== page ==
Dealing with debt


Currently, the public sector is swelling far beyond its means. The UK is forecast to suffer a budget deficit of £170 billion later this year. This equates to every man, woman and child being in nearly £3,000 of debt. Every year, our government pays £200 billion to public sector employees and this is not sustainable. The problem with this is that the increasing deficit needs to be funded somehow.

There are several ways that this can be done. One way would be to increase taxes; however an increase in tax rates reduces incentives and is therefore likely to have the adverse effect of reducing tax revenues. Alternatively, ‘quantative easing’ (glorified printing money) could be used to pay off debt. But this is highly inflationary, as resources are no less scarce, so it would reduce the value of our currency, thus making the UK less attractive for investors.

Surely the best way to deal with the deficit is to reduce government spending. Reducing state funded employment would be a good place to start. Making public sector employees redundant would not totally reduce the burden, as they would then become an added burden to the welfare system through social security. Instead, it would be more effective to incentivise them to join the private sector, become entrepreneurial, set up small businesses, and employ people. This could be carried out through a number of measures. For instance, tax holidays for start-up businesses.

You could also increase firms’ willingness to take on new employees by abolishing national insurance. National insurance is a disincentive for businesses to employ people. It would be far more sensible to remove this tax in its entirety, encouraging businesses to employ more people who will in turn pay income tax themselves. This is likely to generate more government revenue than national insurance did to begin with.

Antisocial policies


Chris Grayling, Shadow Home Secretary, has given a snippet of the criminal justice strategy to be released by the Tories in the autumn. So far it’s not shaping up to be the most-hard hitting or persuasive of measures to tackle anti-social behaviour amongst young people.
The proposal is for the police to be given the power to confiscate bicycles and mobile phone SIM cards for up to a month if a young person is suspected of acting in an anti-social way. This is part of a plan to introduce ‘softer’ measures against teenagers to prevent them committing crimes and to save time and resources administering harsher punishments, such as the infamous ASBO. There are multiple problems with this approach, not least the policy-makers failure to understand the psyche of Britain’s teenagers.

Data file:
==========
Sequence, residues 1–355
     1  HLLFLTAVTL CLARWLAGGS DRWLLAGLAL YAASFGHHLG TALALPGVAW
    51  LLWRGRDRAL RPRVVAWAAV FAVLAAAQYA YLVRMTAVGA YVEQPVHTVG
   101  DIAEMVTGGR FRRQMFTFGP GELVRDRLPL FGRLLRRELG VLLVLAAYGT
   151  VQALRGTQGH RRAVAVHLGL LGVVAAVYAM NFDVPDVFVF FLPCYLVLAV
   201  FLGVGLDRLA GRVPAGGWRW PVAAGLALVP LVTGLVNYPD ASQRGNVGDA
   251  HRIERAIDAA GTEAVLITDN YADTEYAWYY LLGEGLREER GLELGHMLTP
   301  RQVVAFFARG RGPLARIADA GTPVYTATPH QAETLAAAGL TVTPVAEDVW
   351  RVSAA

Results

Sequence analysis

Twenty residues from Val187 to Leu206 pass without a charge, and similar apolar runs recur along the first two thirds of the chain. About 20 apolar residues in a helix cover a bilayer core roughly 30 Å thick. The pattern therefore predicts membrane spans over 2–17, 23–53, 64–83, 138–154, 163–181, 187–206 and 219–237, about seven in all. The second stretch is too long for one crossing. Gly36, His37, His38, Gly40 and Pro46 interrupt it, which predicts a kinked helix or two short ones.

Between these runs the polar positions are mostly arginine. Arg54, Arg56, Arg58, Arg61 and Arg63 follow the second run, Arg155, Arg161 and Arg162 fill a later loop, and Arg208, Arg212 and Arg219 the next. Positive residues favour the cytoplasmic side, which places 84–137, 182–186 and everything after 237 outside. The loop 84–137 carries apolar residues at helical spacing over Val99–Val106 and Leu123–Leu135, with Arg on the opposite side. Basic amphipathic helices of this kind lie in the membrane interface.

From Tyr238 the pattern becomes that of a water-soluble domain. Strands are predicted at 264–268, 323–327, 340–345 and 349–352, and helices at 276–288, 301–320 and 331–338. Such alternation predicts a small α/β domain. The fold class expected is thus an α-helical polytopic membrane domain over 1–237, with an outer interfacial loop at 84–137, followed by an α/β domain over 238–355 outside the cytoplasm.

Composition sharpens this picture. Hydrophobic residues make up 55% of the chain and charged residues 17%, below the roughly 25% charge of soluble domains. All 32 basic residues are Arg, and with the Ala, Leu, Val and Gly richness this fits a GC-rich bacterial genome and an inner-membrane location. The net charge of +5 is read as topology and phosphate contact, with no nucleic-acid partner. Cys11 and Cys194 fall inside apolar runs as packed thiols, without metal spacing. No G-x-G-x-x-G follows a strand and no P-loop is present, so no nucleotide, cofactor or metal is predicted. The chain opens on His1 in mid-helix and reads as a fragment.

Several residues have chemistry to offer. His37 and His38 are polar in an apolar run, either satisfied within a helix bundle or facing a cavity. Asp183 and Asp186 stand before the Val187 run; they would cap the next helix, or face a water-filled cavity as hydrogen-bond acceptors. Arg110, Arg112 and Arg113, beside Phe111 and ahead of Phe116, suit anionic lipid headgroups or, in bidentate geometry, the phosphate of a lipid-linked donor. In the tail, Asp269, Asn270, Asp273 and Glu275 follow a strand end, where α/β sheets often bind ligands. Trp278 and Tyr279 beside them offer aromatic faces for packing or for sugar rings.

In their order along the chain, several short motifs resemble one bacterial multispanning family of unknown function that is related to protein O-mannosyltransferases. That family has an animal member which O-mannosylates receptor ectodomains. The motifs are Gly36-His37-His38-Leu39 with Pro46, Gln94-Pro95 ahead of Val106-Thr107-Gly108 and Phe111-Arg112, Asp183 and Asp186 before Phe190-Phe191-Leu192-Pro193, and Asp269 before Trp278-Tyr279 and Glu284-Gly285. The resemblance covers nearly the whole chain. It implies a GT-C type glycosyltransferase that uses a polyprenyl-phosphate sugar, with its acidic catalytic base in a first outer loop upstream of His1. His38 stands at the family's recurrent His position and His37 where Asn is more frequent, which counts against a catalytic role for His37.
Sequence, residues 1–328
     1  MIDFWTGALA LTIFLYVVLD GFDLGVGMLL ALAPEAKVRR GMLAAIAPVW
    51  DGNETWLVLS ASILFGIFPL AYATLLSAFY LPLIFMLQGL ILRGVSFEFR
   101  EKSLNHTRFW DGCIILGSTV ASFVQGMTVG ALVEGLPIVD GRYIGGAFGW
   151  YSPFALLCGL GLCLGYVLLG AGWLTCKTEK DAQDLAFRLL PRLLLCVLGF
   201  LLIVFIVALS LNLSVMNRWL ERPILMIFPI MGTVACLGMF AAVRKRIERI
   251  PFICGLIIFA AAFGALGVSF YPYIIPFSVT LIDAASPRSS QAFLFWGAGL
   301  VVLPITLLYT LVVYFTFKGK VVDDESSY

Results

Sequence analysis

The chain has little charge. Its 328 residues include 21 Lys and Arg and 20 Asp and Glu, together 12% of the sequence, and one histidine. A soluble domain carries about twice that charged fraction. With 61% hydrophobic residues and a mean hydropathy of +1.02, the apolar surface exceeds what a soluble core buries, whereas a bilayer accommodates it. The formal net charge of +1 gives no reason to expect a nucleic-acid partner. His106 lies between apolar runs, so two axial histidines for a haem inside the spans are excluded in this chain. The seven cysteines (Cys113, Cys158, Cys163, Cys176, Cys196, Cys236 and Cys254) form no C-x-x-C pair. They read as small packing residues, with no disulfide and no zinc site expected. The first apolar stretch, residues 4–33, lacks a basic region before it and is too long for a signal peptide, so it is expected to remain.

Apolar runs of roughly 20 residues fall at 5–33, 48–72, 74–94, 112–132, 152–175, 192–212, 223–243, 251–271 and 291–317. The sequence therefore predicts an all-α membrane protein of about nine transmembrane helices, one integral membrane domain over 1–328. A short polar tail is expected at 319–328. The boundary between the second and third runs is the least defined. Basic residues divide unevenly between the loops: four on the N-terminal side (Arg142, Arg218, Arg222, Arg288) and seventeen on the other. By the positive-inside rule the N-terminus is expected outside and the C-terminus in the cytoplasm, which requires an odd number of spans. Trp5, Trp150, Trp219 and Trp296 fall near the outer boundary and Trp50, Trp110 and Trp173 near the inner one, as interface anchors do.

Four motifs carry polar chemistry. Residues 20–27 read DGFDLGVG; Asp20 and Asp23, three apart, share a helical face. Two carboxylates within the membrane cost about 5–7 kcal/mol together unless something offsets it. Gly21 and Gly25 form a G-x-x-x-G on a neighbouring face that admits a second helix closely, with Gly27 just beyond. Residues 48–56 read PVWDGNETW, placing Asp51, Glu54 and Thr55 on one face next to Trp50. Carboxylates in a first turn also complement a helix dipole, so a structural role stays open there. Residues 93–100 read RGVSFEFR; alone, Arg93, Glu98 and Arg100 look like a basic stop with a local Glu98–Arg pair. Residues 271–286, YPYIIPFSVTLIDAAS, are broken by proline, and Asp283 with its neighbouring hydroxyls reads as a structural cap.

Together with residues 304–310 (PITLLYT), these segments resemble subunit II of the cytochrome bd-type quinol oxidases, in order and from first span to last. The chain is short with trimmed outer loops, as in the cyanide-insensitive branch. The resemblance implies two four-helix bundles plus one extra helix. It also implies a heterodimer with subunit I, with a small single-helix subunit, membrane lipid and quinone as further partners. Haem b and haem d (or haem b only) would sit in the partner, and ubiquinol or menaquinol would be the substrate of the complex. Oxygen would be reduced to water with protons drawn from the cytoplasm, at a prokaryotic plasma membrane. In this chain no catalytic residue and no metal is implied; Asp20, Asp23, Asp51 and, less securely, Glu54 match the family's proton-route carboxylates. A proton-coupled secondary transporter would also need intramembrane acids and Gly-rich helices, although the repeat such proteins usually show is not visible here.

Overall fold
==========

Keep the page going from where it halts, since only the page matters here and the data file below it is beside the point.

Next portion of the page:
This proposal is the latest in a long line of instances where politicians have sought to bypass some of the fundamental rights which we should enjoy as citizens, no matter what age. Police should not be given the jurisdiction to confiscate and punish ‘at their own discretion’. Giving such powers to police will only result in an abuse and overuse of state control over individuals.
I can see the logic behind Grayling's idea to confiscate bikes and SIM cards from troublesome youths as an intermediate punishment for lesser offences, but in reality it will never work. The type of young person who acts antisocially is probably not going to be put off by having their bike confiscated, they are just going to steal a new one. And by taking their mobile phones, they will no longer be texting one another from their bedrooms, but meeting in gangs in parks and on street corners. The way for authorities to forge productive and respectful relationships with young people is not by confiscating their property.
To tackle antisocial behaviour amongst young people, the Tories will have to attack the root of the problems. First they need to remove the disincentives endemic in the welfare system of modern Britain, rather than blacklisting and demonising them. Most teenagers make up a valuable part of our society, the Tories plans are well intentioned, but show they are still out of touch.

Sir David Walker: A response